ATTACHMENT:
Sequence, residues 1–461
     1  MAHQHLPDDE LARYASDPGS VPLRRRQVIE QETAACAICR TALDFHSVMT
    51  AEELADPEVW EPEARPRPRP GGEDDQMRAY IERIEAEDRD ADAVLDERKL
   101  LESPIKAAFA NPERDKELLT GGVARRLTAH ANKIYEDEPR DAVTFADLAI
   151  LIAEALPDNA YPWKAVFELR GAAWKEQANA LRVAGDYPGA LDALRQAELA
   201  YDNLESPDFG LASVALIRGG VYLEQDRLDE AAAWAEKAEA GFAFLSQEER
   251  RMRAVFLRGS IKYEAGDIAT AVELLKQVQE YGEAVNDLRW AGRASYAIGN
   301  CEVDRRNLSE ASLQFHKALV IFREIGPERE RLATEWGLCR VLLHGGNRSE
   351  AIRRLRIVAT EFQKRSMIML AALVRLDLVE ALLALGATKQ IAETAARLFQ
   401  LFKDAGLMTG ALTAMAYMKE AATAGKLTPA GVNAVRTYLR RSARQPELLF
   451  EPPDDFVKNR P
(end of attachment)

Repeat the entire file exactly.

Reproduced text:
Sequence, residues 1–461
     1  MAHQHLPDDE LARYASDPGS VPLRRRQVIE QETAACAICR TALDFHSVMT
    51  AEELADPEVW EPEARPRPRP GGEDDQMRAY IERIEAEDRD ADAVLDERKL
   101  LESPIKAAFA NPERDKELLT GGVARRLTAH ANKIYEDEPR DAVTFADLAI
   151  LIAEALPDNA YPWKAVFELR GAAWKEQANA LRVAGDYPGA LDALRQAELA
   201  YDNLESPDFG LASVALIRGG VYLEQDRLDE AAAWAEKAEA GFAFLSQEER
   251  RMRAVFLRGS IKYEAGDIAT AVELLKQVQE YGEAVNDLRW AGRASYAIGN
   301  CEVDRRNLSE ASLQFHKALV IFREIGPERE RLATEWGLCR VLLHGGNRSE
   351  AIRRLRIVAT EFQKRSMIML AALVRLDLVE ALLALGATKQ IAETAARLFQ
   401  LFKDAGLMTG ALTAMAYMKE AATAGKLTPA GVNAVRTYLR RSARQPELLF
   451  EPPDDFVKNR P